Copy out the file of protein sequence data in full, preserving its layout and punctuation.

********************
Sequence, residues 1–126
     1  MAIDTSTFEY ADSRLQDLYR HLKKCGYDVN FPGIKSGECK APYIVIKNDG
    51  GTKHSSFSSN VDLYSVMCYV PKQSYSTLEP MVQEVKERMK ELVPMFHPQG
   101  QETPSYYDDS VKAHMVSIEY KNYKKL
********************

Sequence, residues 1–126
     1  MAIDTSTFEY ADSRLQDLYR HLKKCGYDVN FPGIKSGECK APYIVIKNDG
    51  GTKHSSFSSN VDLYSVMCYV PKQSYSTLEP MVQEVKERMK ELVPMFHPQG
   101  QETPSYYDDS VKAHMVSIEY KNYKKL